There were 2 to 3 tablespoons of batter in each of my latkes. Leave plenty of space between each latke in the pan. After 3 minutes the latke should be golden brown, carefully flip over not splashing yourself with oil and cook for another 2 minutes until golden brown all over. They should be relatively crispy on the outside and not mushy on the inside.IMG_1425

Let drain on a towel. Serve this up as a quick lunch with some of the yummy suggestions from earlier, they are quite the treat, enjoy!

Roasted Winter Squash with Citrus Pepper Sauce

Every year in the fall I begin collecting winter squash. I buy one or two at every market I attend and store them in our little shed outside so they stay cool and dark. Usually they last me through the winter and I cook squash in everything! Soup, stews, breads, mashed, baked, roasted, the list goes on. We go through a lot of squash! It’s good for you, it’s versatile and it is rarely difficult or lengthy to make. The only downside is, it can get a little boring so I’m always looking for new ways to dress it up. I love adding summer flavors to winter foods, it offers a change for the palate and helps ward off the winter blues. This dish does exactly that, the warm creaminess of the squash just screams winter comfort food, the edges are buttery and caramelized as the squash slips out of it’s skin. The sauce really brings it alive though, the citrus sings through the roasted garlic with the chili bursting out right behind it lighting up your mouth with heat and flavor fighting for attention. IMG_1765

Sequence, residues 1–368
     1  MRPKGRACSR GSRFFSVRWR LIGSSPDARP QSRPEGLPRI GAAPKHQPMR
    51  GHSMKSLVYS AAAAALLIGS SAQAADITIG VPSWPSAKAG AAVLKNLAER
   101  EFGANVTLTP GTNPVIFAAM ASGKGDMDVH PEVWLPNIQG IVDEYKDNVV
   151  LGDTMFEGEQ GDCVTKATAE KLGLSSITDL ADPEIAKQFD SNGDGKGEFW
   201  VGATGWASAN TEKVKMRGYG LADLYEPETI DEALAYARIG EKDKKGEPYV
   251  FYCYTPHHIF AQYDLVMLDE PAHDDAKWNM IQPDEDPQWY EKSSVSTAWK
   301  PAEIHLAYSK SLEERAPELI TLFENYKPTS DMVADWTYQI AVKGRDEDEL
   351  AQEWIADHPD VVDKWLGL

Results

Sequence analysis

You can make this recipe with any type of winter squash, and the heat of the dish is totally up to you, reduce the amount, remove the seeds, or overload it with a bunch more. Either way it will be delicious! This pairs up great with some dark cooked greens or a nice winter soup. I would consider it a side dish but you can always have it as a main if you fancy!